Zakaria Kioua wins UK tribunal Case as his prize was swapped. Zakaria Kioua won Cognac but his price was switched. He then sued the employer for harassment.
- Zakaria Kioua wins the case against the manager for religious harassment.
- He won a Cognac but his gift was switched with a box of Chocolates.
- He then sued the manager and finally won the case.
UK tribunal Case Won by Muslim Man Zakaria Kioua
Zakaria Kioua a Muslim man has sued his employer. He worked at a hotel where his employer harassed him based on his religion. Zakaria won a Cognac which is a bottle of Alcohol. He won it in a Raffle which took place at a staff party. Zakaria was given chocolates instead of Cognac.
Zakaria was told by the manager of the hotel which is in Hampshire that as Zakaria did not drink Alcohol, giving him a gift of an Alcohol bottle is just like giving a person nuts who have a nut allergy.
Zakaria said that by hearing this he felt humiliated and said that religion must never be compared with an illness, both are different things.
Zakaria earlier worked as a Linen Porter at Lainston House which is in Winchester. Later he mover to the UK. In the year 2017, there was a party that had a raffle.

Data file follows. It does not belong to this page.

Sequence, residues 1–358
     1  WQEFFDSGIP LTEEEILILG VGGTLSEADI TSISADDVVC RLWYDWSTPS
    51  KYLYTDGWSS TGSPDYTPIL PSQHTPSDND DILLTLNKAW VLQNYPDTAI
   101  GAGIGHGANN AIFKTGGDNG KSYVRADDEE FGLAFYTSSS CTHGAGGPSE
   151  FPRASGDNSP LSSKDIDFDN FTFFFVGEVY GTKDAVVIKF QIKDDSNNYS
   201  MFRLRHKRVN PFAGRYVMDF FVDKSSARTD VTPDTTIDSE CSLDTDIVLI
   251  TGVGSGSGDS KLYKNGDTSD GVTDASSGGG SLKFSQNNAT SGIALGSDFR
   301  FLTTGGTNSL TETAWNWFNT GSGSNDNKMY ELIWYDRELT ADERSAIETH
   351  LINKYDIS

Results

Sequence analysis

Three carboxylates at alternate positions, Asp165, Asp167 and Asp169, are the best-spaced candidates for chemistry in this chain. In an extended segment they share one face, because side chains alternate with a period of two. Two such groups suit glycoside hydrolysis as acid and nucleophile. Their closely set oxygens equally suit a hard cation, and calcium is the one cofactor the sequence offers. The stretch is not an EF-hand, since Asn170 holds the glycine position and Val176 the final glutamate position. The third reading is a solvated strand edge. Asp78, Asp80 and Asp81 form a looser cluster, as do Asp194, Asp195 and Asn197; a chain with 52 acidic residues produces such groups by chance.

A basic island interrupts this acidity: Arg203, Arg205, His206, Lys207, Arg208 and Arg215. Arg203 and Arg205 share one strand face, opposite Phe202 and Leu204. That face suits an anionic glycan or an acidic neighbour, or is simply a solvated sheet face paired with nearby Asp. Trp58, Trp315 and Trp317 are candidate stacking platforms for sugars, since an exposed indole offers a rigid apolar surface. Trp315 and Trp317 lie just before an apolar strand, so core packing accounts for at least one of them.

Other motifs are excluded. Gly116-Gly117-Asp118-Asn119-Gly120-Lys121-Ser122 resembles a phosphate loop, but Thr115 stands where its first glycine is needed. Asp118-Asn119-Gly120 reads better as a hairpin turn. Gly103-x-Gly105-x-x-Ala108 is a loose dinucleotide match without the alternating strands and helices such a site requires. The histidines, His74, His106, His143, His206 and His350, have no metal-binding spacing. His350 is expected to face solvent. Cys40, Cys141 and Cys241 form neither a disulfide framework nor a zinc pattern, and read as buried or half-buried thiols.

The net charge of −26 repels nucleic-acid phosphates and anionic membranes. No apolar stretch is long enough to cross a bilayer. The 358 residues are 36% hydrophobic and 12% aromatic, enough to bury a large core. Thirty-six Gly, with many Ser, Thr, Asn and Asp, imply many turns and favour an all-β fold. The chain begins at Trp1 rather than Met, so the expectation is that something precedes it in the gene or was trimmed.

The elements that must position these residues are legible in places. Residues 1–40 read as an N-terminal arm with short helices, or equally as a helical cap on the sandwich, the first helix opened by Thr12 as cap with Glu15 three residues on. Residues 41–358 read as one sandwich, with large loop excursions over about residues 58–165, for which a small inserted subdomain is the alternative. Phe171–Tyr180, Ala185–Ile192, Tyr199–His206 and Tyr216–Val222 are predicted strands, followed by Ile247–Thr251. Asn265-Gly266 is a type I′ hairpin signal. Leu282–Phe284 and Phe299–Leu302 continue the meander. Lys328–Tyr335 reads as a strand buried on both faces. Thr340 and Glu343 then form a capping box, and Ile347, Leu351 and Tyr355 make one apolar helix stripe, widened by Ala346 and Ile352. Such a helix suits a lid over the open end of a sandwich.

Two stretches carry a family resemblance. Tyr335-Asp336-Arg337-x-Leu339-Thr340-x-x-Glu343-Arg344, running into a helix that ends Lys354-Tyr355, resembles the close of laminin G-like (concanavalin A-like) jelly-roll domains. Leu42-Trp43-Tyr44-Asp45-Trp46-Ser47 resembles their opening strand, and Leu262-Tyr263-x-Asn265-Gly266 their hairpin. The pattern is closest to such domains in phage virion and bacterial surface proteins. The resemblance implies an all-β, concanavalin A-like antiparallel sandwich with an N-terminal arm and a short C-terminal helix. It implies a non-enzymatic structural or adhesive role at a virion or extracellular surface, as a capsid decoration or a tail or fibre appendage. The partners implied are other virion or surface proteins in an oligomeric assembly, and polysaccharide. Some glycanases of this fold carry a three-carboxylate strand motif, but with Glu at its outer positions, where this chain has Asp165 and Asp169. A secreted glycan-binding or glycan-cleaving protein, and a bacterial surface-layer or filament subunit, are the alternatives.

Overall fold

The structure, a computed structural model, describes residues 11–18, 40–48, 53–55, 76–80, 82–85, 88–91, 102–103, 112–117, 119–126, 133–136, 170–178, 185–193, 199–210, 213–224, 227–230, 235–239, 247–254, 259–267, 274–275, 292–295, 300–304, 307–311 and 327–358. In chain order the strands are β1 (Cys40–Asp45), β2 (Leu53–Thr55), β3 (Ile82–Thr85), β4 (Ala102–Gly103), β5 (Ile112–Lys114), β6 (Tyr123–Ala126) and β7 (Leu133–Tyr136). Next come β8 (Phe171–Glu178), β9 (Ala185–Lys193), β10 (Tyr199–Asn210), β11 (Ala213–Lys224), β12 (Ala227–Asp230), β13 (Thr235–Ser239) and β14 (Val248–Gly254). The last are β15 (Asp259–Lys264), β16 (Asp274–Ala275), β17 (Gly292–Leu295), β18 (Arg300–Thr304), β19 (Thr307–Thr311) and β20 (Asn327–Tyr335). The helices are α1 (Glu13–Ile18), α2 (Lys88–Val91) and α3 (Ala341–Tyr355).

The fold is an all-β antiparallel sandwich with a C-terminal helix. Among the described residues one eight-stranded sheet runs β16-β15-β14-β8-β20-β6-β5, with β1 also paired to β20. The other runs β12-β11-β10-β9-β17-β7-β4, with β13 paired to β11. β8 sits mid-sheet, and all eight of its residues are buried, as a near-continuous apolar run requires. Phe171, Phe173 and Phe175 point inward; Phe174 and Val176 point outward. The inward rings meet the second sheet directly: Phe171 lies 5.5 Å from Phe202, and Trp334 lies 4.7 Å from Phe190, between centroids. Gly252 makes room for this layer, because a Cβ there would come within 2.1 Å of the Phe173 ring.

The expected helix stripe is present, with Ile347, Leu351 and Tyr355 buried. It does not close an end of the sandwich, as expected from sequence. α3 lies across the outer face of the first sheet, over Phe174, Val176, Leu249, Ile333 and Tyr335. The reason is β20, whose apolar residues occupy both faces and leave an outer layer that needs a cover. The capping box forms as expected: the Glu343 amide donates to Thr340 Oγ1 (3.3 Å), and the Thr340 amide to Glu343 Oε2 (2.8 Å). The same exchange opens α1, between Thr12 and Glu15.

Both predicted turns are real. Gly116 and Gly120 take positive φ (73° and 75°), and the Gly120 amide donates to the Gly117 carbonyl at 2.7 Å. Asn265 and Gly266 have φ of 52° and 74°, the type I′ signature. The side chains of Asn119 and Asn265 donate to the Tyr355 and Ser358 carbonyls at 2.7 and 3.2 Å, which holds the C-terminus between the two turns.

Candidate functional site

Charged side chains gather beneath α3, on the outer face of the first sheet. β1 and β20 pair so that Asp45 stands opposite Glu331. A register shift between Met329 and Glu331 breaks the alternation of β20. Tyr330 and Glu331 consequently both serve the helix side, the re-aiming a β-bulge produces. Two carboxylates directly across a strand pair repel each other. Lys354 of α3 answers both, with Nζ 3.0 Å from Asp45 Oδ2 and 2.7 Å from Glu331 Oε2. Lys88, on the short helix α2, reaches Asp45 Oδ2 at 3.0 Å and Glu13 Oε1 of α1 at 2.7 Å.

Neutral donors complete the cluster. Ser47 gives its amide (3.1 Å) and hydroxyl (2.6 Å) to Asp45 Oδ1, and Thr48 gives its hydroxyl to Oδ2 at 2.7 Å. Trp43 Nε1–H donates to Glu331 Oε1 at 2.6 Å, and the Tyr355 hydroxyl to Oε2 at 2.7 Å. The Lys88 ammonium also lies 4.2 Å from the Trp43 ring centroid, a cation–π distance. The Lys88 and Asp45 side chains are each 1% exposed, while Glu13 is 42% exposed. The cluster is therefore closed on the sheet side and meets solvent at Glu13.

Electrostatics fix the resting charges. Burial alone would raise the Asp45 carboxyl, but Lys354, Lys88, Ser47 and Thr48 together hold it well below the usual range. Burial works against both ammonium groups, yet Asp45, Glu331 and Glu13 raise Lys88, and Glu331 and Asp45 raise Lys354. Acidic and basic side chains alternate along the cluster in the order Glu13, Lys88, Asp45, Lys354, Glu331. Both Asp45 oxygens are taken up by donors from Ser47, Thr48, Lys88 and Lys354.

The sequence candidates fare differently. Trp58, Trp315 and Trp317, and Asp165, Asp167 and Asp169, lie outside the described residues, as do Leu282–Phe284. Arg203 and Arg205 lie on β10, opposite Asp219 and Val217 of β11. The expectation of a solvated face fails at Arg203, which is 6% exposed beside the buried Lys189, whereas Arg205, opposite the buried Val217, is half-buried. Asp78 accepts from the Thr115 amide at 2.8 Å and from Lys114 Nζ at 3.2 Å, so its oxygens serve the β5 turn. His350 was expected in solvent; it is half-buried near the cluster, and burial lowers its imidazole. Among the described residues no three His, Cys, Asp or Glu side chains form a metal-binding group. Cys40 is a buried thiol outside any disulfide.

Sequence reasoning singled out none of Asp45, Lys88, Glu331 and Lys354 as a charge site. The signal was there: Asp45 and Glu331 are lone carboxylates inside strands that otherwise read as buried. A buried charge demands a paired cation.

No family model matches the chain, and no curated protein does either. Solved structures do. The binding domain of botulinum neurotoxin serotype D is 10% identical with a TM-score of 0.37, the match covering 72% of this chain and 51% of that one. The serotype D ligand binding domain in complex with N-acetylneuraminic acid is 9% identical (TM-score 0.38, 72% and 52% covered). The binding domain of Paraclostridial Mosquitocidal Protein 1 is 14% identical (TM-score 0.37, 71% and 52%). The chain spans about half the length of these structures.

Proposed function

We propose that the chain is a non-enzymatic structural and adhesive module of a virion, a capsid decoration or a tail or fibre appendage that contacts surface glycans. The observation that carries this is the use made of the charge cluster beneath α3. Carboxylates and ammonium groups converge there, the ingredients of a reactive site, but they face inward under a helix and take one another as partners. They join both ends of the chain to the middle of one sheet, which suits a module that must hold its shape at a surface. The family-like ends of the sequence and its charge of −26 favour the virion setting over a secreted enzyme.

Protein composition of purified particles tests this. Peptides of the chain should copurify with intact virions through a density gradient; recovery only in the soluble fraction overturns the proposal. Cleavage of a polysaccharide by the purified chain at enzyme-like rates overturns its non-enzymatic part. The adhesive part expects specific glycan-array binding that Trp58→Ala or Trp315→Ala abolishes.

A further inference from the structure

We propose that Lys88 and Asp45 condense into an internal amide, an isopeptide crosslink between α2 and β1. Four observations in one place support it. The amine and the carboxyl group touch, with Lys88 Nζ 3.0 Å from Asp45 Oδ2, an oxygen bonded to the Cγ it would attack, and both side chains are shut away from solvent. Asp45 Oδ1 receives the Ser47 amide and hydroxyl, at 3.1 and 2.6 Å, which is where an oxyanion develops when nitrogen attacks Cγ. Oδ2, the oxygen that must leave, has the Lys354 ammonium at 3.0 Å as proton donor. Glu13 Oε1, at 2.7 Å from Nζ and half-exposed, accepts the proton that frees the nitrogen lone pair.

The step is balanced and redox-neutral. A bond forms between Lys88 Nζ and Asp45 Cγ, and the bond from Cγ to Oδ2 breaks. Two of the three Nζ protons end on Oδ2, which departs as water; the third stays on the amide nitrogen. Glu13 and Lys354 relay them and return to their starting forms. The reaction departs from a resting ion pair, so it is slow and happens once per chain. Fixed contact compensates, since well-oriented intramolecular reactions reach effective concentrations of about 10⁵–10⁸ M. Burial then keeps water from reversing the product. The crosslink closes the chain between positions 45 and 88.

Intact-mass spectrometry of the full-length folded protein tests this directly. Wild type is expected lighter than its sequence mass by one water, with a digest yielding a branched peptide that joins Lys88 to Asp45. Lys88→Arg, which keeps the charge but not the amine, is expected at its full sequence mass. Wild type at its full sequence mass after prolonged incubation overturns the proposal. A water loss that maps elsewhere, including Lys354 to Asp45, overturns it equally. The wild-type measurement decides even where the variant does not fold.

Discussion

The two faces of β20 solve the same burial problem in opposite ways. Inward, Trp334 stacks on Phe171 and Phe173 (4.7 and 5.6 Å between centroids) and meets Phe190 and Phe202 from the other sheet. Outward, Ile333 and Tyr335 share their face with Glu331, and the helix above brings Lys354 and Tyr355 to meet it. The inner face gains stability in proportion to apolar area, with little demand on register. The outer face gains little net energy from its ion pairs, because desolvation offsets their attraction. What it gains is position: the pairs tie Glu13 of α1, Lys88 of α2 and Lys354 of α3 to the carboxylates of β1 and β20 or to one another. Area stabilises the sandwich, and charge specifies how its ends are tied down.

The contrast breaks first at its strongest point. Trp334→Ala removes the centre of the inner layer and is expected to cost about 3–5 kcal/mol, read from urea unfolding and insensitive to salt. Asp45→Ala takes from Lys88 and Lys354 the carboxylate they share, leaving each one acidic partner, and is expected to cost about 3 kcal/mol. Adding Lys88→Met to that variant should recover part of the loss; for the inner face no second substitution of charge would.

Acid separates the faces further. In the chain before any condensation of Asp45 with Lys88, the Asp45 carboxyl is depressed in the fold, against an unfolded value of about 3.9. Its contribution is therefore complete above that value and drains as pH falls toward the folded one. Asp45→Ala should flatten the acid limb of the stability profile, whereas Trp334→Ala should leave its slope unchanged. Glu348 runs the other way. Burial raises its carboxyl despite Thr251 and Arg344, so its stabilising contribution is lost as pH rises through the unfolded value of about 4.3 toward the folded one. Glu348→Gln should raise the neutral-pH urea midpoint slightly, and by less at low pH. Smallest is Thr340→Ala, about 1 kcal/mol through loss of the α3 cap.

Zakaria did not attend the party but his ticket was drawn out as a lucky winner and he won Cognac bottle. One staff member said that he does not drink alcohol. Another staff member took the chocolate box on behalf of Zakaria as he was not present at the party.
In the year 2018, there was a meeting held and the manager said that if one person has a nut allergy and if they give that person chocolate instead of Nuts, we changed the prize that night.
Zakaria said that he felt humiliated by this and said that he was ignored and they did not want him to get the prize so they used his religion. In 2019 he filed a case against the hotel.
The judgment of the case was that a nut allergy is a life-threatening illness and it must not be compared. And it reduces the importance of someone’s beliefs.
The decision to swap Zakaria’s gift must not be taken and the statements made must not have said. The court further claimed that religious harassment and belief contrary to the Equality Act succeeded. The hotel was ordered by the court to pay £2,000 for injury to feelings along with interest.